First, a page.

It’s the stuff of science fiction: machines that make decisions about who and when to kill. Referred to as “autonomous weapons”, they’re already in use to some degree. But as more sophisticated systems are being developed we wanted to an expert in the field about whether such systems comply with international humanitarian law and what it means for humanity to give machines the power over human life and death.
Born in a small community called “El Villar” in the Bolivian province of Chuquisaca, Nelvy was raised in a family of farmers. “My parents and grandparents used to grow garlic and onions”, she recalls. “Here in this community, we do farming and we raise livestock.”.
No wonder Nelvy and her husband Pastor, together with their four children, have built one of the richest family gardens in the community. “Now we have onions, carrots, lettuce and beets”, she says, referring to the colourful pile of produce now covering her kitchen table.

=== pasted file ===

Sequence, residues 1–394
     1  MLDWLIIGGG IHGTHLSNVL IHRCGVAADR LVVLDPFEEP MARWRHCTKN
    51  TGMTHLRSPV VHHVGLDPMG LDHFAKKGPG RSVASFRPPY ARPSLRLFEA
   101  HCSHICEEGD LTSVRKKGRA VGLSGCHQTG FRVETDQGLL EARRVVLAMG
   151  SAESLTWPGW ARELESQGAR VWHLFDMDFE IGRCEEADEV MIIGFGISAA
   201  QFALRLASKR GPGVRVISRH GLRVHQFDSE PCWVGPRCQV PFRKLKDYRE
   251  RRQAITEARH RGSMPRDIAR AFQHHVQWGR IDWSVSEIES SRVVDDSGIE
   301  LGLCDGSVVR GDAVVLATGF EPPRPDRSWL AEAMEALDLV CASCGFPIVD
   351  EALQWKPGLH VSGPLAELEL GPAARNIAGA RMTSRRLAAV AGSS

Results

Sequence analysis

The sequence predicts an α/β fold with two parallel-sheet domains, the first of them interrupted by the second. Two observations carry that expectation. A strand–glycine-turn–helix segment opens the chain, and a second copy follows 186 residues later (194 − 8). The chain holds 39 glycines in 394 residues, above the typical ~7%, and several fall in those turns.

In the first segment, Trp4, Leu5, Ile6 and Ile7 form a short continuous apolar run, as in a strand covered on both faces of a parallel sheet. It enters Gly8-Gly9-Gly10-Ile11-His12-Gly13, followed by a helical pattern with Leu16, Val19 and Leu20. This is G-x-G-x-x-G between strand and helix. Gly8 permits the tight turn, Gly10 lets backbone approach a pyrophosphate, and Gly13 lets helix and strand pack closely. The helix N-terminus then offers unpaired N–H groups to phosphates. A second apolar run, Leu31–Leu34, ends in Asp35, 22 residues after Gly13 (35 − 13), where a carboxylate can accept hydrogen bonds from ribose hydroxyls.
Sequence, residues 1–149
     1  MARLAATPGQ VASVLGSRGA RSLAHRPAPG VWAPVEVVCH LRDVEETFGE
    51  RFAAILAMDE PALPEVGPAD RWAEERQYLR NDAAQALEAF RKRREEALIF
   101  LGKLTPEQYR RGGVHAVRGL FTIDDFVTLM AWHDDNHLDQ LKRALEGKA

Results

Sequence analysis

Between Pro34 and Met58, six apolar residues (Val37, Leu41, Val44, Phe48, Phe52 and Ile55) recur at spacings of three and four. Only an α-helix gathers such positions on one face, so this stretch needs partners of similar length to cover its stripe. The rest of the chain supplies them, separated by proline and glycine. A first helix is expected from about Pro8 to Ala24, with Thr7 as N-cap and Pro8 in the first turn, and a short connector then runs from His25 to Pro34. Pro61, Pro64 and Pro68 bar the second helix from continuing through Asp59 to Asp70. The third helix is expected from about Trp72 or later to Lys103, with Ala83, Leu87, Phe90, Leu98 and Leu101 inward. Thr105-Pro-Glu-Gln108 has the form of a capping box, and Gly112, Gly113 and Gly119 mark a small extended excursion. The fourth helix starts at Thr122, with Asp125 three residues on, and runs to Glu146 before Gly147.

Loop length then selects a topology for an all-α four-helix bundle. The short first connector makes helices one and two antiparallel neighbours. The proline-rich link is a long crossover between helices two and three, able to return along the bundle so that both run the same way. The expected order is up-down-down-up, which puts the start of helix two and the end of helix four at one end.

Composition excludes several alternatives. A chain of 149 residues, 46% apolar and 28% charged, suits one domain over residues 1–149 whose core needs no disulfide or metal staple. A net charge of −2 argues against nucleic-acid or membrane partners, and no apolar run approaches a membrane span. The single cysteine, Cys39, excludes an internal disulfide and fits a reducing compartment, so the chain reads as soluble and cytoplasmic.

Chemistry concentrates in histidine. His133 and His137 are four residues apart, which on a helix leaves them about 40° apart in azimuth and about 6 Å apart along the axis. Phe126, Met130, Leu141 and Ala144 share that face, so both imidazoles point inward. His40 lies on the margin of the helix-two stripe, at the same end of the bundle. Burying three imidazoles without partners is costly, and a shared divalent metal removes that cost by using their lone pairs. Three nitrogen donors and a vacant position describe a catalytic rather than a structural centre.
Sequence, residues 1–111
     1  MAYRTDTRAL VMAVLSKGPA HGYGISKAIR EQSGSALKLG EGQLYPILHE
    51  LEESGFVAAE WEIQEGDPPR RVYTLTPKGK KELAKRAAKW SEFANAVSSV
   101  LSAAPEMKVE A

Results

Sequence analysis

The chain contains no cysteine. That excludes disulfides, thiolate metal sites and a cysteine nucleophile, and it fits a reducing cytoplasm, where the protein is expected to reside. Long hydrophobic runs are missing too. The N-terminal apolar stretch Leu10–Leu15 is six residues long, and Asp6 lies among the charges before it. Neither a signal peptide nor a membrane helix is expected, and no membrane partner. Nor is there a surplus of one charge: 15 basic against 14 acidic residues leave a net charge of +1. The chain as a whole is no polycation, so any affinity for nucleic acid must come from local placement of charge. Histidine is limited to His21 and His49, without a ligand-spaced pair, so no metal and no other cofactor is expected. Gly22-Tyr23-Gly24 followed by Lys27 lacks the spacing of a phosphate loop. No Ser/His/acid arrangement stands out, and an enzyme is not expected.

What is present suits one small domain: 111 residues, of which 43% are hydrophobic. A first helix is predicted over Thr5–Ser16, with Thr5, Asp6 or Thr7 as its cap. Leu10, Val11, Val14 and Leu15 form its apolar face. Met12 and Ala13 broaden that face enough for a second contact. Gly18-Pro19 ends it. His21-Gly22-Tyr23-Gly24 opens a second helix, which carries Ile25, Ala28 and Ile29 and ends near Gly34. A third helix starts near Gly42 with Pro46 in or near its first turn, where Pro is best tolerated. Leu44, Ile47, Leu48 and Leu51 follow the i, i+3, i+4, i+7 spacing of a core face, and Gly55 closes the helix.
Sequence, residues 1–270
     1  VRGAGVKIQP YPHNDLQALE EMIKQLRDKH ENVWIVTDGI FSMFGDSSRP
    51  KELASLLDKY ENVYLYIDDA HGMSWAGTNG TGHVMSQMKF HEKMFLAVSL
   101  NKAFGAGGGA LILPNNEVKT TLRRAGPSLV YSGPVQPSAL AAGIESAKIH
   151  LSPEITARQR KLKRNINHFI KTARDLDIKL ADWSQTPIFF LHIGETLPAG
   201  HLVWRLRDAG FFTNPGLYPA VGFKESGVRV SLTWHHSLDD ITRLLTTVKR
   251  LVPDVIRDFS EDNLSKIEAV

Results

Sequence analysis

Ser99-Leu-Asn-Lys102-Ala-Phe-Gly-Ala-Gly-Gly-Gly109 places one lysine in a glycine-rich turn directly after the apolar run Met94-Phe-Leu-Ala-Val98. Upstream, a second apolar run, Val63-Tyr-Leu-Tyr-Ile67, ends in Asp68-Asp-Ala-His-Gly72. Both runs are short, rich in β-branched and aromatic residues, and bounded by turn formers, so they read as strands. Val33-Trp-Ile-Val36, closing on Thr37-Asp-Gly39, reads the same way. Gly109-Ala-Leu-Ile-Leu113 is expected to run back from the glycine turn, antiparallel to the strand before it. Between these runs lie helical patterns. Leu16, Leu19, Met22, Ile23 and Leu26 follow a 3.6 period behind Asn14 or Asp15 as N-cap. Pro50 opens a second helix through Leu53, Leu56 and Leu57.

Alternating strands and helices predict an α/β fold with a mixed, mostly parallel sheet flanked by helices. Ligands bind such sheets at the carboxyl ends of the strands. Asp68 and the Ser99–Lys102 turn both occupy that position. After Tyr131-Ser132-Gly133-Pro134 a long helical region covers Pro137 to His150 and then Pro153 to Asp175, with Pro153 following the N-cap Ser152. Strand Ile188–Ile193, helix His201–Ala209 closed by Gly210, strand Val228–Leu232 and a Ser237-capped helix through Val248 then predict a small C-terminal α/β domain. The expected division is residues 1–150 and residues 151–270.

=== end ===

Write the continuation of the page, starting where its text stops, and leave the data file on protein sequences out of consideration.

However, growing all these nutritious foods, and other medicinal plants like chamomile and lemon verbena, has been challenging for the family in the last few years. “In this valley area we have heavy snowfalls and droughts that affect our production”, she says. “We have droughts when it’s supposed to be raining, and we have rain when it’s not rainy season. And sometimes, while we are in harvest season, we have snowfalls. All this has really affected us.”
But climate change is not the only threat to the wellbeing of Quechua families in the region. Poverty, malnutrition, illiteracy, high infant mortality and low life expectancy are the norm here awhile people need to walk hours to get to the closest health post.